A 15-year-old pilot project that the Long Beach Water Department initiated to test a new desalination filtration process could be removed later this year and require parts of Junipero Beach to be closed to the public.
The Under Ocean Floor Seawater Intake & Discharge Demonstration System was intended to study a new and less intrusive way of stripping the salt out of seawater to make it safe for consumption.
An initial permit allowed the department to study the technology for five years and the department extended the permit for an additional 10 years but now the project is expected to come to an end in May 2023. Removing the system is expected to cost about $5 million with work expected to start in September.
The project area is located between the Junipero Beach parking lot and the ocean and removing the system is expected to take about seven months, said Lauren Gold, a spokesperson for the department.
Gold said there will be some disruptions to the beach and a small part of the parking lot that will serve as a staging area, but the neighboring beach concession stand, Saltwater Deck, and the beach bike path will remain open to the public as crews work to remove the intake and discharge sites buried under the sand.
“We don’t anticipate that those would be simultaneous, so that minimizes the beach area closures at any one time,” Gold said in an email about the demolition of the desalination system.
The California Coastal Commission, which granted the permits to the department, is also requiring that removing the system has to happen between Labor Day and Memorial Day. Gold said that there is no hard date for work to begin but it should start shortly after Sept. 5 and last about seven months.
The project was part of what was the largest research project of its kind in the country and was capable of desalinating 300,000 gallons per day.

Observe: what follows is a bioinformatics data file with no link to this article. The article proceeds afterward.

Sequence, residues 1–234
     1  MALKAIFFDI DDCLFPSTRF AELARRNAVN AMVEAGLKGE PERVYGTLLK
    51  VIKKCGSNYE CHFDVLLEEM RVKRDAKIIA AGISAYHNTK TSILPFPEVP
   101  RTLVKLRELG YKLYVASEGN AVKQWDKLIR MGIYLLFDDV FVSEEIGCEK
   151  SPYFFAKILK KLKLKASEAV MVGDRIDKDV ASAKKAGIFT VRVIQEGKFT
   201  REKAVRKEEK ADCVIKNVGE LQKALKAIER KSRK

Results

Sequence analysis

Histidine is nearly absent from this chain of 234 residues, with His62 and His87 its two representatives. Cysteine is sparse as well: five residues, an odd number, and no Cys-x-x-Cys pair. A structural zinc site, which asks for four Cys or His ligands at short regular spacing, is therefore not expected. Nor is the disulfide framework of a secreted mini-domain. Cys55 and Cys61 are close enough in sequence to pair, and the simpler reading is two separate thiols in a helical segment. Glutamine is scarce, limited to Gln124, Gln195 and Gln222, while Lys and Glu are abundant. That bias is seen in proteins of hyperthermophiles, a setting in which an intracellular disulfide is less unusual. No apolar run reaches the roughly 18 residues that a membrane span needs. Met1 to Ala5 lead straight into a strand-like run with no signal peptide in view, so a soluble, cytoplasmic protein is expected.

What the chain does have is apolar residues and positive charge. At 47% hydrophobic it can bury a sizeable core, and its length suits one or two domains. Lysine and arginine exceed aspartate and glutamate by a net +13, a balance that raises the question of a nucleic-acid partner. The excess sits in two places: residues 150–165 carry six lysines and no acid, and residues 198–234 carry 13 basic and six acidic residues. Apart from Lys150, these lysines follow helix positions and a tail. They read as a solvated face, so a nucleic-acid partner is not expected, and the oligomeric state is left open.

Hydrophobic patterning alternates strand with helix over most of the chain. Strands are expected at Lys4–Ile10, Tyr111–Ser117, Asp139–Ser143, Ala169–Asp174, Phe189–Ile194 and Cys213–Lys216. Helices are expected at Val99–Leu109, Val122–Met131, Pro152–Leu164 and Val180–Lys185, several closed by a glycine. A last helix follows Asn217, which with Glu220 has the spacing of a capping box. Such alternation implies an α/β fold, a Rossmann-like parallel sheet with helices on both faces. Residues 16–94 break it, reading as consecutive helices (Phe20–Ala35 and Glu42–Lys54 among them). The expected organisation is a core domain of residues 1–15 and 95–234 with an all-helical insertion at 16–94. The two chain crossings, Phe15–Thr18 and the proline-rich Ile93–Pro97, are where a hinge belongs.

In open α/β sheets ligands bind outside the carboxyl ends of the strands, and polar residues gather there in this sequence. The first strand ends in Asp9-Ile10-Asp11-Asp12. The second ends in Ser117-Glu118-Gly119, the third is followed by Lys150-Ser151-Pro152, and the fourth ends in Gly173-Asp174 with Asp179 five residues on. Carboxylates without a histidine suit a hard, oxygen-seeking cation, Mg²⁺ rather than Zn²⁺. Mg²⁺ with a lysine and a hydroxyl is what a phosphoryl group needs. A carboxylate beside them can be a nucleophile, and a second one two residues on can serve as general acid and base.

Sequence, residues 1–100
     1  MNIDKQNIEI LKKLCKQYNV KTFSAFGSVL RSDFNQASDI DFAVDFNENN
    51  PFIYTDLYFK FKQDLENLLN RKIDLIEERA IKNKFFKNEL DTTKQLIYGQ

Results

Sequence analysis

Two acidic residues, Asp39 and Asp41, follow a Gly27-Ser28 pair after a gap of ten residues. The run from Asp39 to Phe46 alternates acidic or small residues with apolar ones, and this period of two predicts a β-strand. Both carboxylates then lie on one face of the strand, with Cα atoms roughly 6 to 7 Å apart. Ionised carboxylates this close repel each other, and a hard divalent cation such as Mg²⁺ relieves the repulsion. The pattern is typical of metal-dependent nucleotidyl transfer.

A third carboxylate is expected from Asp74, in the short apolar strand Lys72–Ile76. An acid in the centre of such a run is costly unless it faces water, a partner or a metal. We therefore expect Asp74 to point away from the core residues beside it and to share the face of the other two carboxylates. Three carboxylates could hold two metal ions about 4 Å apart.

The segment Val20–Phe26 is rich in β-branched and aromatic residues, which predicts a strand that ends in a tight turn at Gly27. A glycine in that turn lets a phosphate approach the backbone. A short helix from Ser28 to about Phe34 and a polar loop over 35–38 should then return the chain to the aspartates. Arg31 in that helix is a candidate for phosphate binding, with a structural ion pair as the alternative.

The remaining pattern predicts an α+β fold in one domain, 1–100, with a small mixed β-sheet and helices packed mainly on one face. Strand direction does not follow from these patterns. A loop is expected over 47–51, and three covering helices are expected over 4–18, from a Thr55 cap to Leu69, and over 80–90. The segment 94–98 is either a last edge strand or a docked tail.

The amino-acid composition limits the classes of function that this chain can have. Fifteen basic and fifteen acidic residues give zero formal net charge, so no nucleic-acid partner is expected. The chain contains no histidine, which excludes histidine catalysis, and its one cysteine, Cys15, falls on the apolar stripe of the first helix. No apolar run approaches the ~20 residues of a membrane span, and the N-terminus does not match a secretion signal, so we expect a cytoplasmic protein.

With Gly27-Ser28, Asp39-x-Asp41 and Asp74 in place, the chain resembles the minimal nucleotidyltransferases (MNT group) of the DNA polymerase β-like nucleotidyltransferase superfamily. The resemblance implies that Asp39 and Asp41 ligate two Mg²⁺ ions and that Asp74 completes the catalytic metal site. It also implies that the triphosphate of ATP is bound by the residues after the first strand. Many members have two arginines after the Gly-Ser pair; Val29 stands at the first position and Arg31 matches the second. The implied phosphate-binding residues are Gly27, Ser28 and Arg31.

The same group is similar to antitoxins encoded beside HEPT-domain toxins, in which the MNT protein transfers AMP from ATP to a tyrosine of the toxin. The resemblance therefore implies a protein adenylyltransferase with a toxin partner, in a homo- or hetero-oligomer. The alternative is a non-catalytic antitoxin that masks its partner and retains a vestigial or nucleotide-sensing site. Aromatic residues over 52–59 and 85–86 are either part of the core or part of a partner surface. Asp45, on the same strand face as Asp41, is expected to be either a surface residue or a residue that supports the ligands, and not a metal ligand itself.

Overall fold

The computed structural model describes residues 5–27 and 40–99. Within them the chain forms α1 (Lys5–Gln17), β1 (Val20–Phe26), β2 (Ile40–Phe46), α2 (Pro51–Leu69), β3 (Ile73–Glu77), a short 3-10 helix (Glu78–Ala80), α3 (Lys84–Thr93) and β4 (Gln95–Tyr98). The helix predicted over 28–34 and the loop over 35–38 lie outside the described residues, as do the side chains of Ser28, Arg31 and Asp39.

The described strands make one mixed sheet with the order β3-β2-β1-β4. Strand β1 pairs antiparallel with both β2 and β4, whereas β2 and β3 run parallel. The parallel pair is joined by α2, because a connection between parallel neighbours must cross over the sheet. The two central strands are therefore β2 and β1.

The underground Junipero Beach installation tested less intrusive ways to take water from the ocean and filter it for consumption while reducing the damage done to marine life. At the same time, an actual desalination site was installed in East Long Beach at the Haynes Power Plant that is operated by the Los Angeles Department of Water and Power. That site operated until 2010.
Tai Tseng, assistant general manager of operations at the water department, said Thursday the technology being studied at Junipero Beach worked, but the department would need to about 100 to 200 times the intake for a full scale facility, adding that the technology was feasible but not cost effective. The department’s groundwater treatment plant has the capacity to process 62.5 million gallons per day.
“That’s a lot of beach we’d have to take up,” Tseng said.
The Long Beach Water Department was looking at desalination in the early 2000s but has since focused on accessing groundwater, which makes up about 60% of the city’s water supply. The annual budget adopted Thursday included $41 million in investments into the city’s groundwater supply chain, including the development of several new wells.
Long Beach hasn’t ruled out desalination completely.
A 2019 report prepared for the department listed scenarios where the city could look to desalination in the future. Desalination received high scores for being drought proof and for the potential for federal and state funding being used to build a facility.
It received the lowest score for the permitting process that would likely be difficult due to desalination plants’ potential to create greenhouse gases and harm ocean life, and was projected to cost more than three times the amount to create an acre-foot of water—about 326,000 gallons—than pumping it out of the ground.
In May, the California Coastal Commission unanimously rejected a desalination plant project in Huntington Beach that could have generated 50 million gallons of water per day due to concerns of how it would affect the environment.
California is in a third consecutive year of drought and state water officials have warned that more dramatic measures to conserve water could be announced in the coming months if dry conditions persist.
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